New This Month: August

Happy August! This month marks the start of our Fall/Winter 2023 season and we have a bunch of new books publishing. You can find the full list, including any new in paperbacks, on our Hot Off the Press page. Plus, if you want updates in your inbox every month about new titles and what’s happening at UNC Press you can sign up for our monthly eNews.

In Pursuit of Health Equity: A History of Latin American Social Medicine by Eric D. Carter

“A remarkable look at the origins and evolution of a transnational sociomedical perspective in Latin America of great interest to historians of medicine and leaders of social medicine all over the world.”—Marcos Cueto, Casa de Oswaldo Cruz, Fiocruz, Brazil

“Timely, lucid, and deeply insightful. Anyone interested in building a more inclusive vision of health equity needs to read this book.”—Jeremy Greene, Johns Hopkins University

Resistance From the Right: Conservatives and the Campus Wars in Modern America by Lauren Lassabe Shepherd

“A thoroughly researched, revelatory political history with abundant relevance for today. . . . Shepherd presents compelling evidence for the ways that these groups, although a minority on campus, have exerted long-lasting influence.”—Kirkus Reviews (STARRED review)

“As historian Lauren Lassabe Shepherd documents in Resistance from the Right, Young Americans for Freedom has been characterized from the start as a group of extremely pampered establishment scions who are prone to both self-pity and deploying their social and legal power to silence their political enemies.”—Jeet Heer, The Nation

I Cannot Write My Life: Islam, Arabic, and Slavery in Omar ibn Said’s America by Mbaye Lo and Carl W. Ernst

“Drawing on scrupulous close readings of Said’s work, Lo and Ernst make a worthy contribution to the scholarship on slavery in America and testify to the importance of evidence left behind by enslaved people themselves. This edifies.”—Publishers Weekly

“Lo and Ernst unshackle new insights and complex truths hidden inside the life and agency of Omar ibn Said. Inshallah, may his free spirit return to his two rivers.”—Jaki Shelton Green, North Carolina Poet Laureate

Urban Specters: The Everyday Harms of Racial Capitalism by Sarah Mayorga

“Insightful in the most sorrowful of ways. Mayorga pushes us to listen hard to hear not only how racial capitalism infects our relations with each other and keeps us apart, but also how the demons of racial capitalism take over our best selves, creeping into how and where we care and who we prop up. To build a new world we must fully encounter the old one, in all its ugliness and disappointment. This work takes us a step closer.”—Gargi Bhattacharyya, University of East London

Rendered Obsolete: Energy Culture and the Afterlife of US Whaling by Jamie L. Jones

Rendered Obsolete provides a compelling perspective on the history of whaling and how we understand energy consumption. The history of the American whaling industry is the history of extractive capitalism, and Jamie Jones’s book is a fascinating account of how Americans came uncritically to affirm the narratives of technological progress promoted by the architects of energy regimes. This book will provide a crucial argument for thinking our way out of such narratives.”—Hester Blum, Penn State University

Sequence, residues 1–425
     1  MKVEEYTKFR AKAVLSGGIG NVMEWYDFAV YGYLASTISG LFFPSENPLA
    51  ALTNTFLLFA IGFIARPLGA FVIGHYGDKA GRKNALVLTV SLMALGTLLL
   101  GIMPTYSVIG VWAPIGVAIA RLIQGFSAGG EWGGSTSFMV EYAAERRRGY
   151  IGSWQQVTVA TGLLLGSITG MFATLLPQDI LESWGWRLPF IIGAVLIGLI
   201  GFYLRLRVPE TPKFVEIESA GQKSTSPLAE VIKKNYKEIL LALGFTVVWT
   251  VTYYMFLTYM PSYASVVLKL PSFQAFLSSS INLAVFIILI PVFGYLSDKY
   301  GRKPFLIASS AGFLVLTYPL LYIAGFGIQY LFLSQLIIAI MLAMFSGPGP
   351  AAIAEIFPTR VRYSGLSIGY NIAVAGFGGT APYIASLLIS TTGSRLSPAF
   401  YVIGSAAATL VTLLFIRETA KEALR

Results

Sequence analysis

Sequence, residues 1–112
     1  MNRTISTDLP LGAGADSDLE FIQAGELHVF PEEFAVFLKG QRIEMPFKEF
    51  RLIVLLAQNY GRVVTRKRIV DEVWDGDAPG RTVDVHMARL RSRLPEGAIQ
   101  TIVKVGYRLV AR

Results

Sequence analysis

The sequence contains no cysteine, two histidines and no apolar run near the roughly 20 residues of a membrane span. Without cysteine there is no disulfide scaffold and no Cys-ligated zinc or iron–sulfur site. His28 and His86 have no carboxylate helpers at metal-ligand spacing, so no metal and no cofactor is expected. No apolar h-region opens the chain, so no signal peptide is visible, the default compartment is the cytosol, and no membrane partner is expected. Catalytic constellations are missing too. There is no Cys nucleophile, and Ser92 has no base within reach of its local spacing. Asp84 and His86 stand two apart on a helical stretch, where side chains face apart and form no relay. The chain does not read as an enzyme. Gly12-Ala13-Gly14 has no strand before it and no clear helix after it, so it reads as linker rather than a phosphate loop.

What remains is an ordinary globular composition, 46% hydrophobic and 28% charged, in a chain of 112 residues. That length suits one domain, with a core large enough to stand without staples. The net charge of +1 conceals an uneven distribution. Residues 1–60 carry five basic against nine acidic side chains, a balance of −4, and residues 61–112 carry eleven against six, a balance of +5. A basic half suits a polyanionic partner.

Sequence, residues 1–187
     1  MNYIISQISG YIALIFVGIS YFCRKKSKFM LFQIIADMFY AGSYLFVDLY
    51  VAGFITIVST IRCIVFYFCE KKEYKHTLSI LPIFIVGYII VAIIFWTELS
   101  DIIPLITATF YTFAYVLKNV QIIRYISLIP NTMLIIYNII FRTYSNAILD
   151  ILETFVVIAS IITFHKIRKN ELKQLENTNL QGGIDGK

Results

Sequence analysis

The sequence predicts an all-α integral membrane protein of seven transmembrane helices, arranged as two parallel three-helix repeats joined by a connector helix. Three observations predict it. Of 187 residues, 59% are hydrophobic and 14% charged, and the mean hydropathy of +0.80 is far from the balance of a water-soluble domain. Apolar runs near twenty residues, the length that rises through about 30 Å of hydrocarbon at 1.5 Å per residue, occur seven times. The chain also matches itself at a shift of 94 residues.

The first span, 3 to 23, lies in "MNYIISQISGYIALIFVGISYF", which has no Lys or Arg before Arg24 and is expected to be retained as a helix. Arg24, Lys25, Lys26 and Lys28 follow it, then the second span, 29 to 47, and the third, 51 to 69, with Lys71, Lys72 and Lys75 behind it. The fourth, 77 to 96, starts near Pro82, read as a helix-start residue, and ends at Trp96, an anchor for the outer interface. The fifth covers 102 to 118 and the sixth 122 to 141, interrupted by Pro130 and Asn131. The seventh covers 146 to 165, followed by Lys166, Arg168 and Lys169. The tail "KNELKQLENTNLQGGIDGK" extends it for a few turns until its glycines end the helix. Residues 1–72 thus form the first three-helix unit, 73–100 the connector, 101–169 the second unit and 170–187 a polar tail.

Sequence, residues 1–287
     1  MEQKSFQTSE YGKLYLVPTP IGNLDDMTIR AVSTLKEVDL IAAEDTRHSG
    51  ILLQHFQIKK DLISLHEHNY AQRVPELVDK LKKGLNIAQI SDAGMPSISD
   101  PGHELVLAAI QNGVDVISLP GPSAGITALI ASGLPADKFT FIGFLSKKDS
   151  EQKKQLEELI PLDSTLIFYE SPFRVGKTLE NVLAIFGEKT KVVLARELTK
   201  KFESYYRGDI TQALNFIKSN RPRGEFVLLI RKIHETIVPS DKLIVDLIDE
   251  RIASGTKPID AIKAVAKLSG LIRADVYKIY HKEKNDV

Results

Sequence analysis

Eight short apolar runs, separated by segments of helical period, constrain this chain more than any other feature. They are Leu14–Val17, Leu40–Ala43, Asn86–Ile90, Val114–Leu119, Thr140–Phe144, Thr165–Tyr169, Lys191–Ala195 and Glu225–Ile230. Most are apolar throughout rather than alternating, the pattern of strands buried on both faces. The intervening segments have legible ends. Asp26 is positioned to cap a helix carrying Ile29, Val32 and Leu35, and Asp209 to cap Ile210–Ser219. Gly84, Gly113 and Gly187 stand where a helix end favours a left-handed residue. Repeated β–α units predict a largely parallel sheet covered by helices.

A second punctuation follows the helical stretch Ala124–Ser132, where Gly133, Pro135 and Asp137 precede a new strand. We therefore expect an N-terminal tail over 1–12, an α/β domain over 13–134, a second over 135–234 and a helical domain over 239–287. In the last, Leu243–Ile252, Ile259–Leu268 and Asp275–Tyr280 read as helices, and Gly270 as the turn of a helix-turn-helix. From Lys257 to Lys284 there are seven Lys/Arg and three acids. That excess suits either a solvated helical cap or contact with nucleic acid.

Food Power Politics: The Food Story of the Mississippi Civil Rights Movement by Bobby J. Smith II

“[Smith] shows how the struggles of the region’s Black communities laid the groundwork for the modern food justice movement. Sadly, access to fresh, unprocessed meals still elude many Black Americans today, but this little-known narrative reconstructed by Smith offers key lessons that could inform the current challenges.”—Civil Eats

Food Power Politics provides a perspective on history, on food justice, and on the fight for civil and human rights that offers important lessons for how we understand food sovereignty.”—Monica M. White, University of Wisconsin

The Afro-Latino Memoir: Race, Ethnicity, and Literary Interculturalism by Trent Masiki

“Trent Masiki raises questions of canonicity and categories of racial and national identity that require intense interrogation while making a strong case for the preeminence of the memoir in the Afro-Latinx canon. His book provides a much-needed consideration of work that has conjoined African American and Latinx literatures and cultures.”—John Wharton Lowe, author of Calypso Magnolia

The Cutting-Off Way: Indigenous Warfare in Eastern North America, 1500–1800 by Wayne E. Lee

The Cutting-Off Way contributes something genuinely new to Native American, early American, and military history, and achieves an unusual degree of engagement between military history and the other fields.”—James D. Rice, author of Tales from a Revolution: Bacon’s Rebellion and the Transformation of Early America

“This is an ambitious, sweeping study that demonstrates mastery of secondary and primary sources—historical, archaeological, and anthropological.”—Sherry L. Smith, author of Hippies, Indians, & the Fight for Red Power

Last of the Lions: An African American Journey in Memoir by Clarence B. Jones and Stuart Connelly

Distributed for Redhawk Publications

“When I was a young lawyer looking to make a difference, Dr. Jones was the ultimate inspiration.”—President Barack Obama (August 2021)

“Clarence B. Jones, in telling the story of his remarkable, consequential life, takes us on a searing and unforgettable journey. This revelatory and essential memoir is simply extraordinary.”—Ken Burns, American Documentary Filmmaker